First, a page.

Anant talked about Shahi’s energy initiatives, working with stakeholders including brands and government to generate 100% renewable electricity in their factories. Patrik Lundstrom (CEO, Renewcell) emphasized the need to identify the “channel leaders” such as brands as well as customers that generate demand for sustainable solutions. Ronna also mentioned engaging parallel industries like hospitality (linens in hotels) that have scale. Finally, Patrik also mentioned the increasing interest by investors providing the 3rd part of the tripod- capital that will help further proliferate these technologies.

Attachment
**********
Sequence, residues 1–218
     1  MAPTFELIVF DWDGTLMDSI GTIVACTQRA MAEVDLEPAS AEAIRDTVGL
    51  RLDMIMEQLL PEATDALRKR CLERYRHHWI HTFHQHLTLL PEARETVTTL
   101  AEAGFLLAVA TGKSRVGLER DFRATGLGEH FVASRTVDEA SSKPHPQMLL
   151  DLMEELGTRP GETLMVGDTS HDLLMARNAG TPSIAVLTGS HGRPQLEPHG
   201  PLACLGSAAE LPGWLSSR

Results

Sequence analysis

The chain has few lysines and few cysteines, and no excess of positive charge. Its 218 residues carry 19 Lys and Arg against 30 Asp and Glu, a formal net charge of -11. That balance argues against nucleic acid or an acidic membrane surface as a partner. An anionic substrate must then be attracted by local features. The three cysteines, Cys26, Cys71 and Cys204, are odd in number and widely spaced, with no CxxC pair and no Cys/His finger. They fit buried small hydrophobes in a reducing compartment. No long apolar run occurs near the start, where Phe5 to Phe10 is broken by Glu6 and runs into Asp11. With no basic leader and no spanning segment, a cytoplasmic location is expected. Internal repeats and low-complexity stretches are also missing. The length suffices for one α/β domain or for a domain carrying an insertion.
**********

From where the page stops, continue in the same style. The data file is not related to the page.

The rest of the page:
Pamela Mar (EVP, Fung Group) moderated an interesting Fireside Chat with Christine Loh (Chief Development Strategist, HKUST). Beginning with the question of China’s ambition of net-zero, Christine gave an interesting take of how carbon neutrality goes hand-in-hand with dual circulation, where the drive towards net zero will be complemented or further accelerated by the future of Chinese economic development. Supply chain shifts in Europe towards the desire for more regulations and reporting creates opportunities for China, as a large exporter to EU to change. Indeed, China’s opportunity and the challenge are in transition- be it moving from a coal economy to a green economy, or considering the social implications of green policies (e.g. majority of the workforce in coal industries). Would we see the old saying that “everything in China’s 5 Year Plan gets done” come true? And relatedly, will this inspire other Asian countries to do the same (like we have seen with Japan, South Korea making pledges after China did). Much to be optimistic about and much to be observed in the coming period.